saries to ascertain the habits of the
family, the houses the young lady was
likely to visit, and the best means of
carrying her off safely.
The saddest tragedy in connection
with this infamous crime occurred in
Derry in liGL A reckless, dissipated
voung merchant squireen, named
McNaghten, persuaded the daughter of
a Mr. Knox, of Prehen, to plight herself
to him. The pretended marriage being
set aside in the spiritual court, McNagh
tn threatened to lie in wait and murder
the judge. The result was that the
rascal was obliged to flee to England,
whence, however, he returned to hide
himself in the woods at Prehen. Hear
ing that Mr. Knox was about to take his
daughter to Dublin to wean her from
the love of such a scoundrel, McNaghten
and three men lay in wait for the car
riage and stopped it They first shot
and disabled a blacksmith, who was the
husband of Miss Knox's nurse, and her
armed guard. The blinds being drawn,
McNaghten discharged a heavily-loaded
blunderbuss into the carriage, killing
Miss Knox on the spot A shot was
then fired from the carriage, which hit
the murderer, who was at the same time
wounded by a shot from Mr. Knox's
servant, who had hidden himself behind
a turf-stack. The country was soon
alarmed, and five hundred pounds
offered for the culprit A company of
light horse scouring the country found
tue wounded wretcn Hidden in a
farmer's hayloft He made a desperate
resistance, but was lodged in Lifford
jail. At the trial McNaghten was
brought into court in a blanket, and
laid on a table in the dock. The mur
derer was condemned to death, and was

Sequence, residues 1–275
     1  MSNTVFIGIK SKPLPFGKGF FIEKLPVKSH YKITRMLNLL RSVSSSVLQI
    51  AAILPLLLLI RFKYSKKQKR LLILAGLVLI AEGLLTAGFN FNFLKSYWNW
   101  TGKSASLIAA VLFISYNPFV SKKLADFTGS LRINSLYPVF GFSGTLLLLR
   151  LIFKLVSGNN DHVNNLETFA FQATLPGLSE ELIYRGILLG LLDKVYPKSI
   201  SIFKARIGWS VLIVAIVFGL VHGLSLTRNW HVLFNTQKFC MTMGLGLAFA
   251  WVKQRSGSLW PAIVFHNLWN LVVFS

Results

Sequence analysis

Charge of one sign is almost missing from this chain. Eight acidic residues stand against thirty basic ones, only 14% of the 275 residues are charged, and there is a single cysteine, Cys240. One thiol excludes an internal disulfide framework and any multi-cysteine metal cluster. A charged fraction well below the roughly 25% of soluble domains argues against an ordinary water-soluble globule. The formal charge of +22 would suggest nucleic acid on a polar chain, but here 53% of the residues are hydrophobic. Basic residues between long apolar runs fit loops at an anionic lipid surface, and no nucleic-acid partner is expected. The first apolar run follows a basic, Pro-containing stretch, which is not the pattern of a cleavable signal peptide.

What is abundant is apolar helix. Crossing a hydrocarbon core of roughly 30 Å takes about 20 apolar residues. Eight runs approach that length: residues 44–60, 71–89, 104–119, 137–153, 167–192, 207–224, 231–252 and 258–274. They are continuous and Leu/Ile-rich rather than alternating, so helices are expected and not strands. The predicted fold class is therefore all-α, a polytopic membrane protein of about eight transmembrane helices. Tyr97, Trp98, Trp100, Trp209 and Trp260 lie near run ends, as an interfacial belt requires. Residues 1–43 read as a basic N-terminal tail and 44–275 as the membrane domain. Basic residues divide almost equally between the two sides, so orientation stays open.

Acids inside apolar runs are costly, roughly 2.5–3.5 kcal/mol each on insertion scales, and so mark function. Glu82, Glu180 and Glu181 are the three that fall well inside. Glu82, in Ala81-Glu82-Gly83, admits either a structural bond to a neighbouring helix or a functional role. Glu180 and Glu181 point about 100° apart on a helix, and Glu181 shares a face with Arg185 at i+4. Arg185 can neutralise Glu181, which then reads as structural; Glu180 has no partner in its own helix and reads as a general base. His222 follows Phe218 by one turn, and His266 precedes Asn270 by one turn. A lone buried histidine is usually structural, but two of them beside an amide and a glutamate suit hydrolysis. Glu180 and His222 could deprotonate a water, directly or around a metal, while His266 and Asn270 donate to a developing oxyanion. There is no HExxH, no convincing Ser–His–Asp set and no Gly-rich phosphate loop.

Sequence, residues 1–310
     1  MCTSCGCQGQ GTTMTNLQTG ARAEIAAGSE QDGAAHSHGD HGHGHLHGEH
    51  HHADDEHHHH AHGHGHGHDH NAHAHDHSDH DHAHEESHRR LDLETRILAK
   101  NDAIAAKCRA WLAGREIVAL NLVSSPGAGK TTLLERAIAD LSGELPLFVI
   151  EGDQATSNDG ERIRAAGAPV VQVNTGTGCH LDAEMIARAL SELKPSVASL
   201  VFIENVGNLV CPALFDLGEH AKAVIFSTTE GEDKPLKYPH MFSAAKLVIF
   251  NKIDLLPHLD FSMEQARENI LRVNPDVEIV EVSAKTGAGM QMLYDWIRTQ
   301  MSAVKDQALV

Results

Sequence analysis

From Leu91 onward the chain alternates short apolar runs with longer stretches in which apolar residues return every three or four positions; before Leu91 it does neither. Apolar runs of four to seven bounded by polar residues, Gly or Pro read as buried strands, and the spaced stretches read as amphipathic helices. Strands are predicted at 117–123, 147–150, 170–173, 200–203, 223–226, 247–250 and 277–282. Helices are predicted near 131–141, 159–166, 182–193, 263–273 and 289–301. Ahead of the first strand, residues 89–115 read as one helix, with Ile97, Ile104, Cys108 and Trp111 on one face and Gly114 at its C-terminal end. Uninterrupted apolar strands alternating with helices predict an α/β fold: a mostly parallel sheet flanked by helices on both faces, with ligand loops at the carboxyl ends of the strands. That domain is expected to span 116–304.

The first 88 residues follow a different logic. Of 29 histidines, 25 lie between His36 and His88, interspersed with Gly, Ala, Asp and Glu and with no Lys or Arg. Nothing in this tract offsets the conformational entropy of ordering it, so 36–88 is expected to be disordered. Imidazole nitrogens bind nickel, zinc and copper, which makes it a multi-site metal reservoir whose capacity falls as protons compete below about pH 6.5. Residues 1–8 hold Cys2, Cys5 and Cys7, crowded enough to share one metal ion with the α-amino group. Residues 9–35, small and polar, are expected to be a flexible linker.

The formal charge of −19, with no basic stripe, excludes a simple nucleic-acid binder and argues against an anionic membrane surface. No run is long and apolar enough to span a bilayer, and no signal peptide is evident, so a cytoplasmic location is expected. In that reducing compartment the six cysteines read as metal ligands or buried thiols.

hung on the road near Strabane and
Derry. McNaghten appeared on the
day of execution clothed in black.
Exerting all his remaining strength to
throw himself off the ladder, he did so
with such impetuosity that the rope
broke, and he fell groaning to the
ground. The crowd, pitying his cour
age and misfortune, tried to induce him
to escape ; but the man refused, saying
proudly "that he would never live to be
pointed at as the half-hnged man 1"
He called to his servant, who was also
waiting to be hung, removed the rope
from his neck and placed it on his own.
He then collected his energies, mounted
the ladder, threw himself off, and died
without a struggle.
C'liineflC Featlval.
Many persons residing in the imme
diate neighborhood of the principal
joss-house have for the past week no
ticed several Chinamen buildig a dra
gon of enormous size, with crested head
and horned body. This is the god of
the festival of An Ten, or the moon, one
of the greatest importance in the Chinese
calendar to the women, who pay him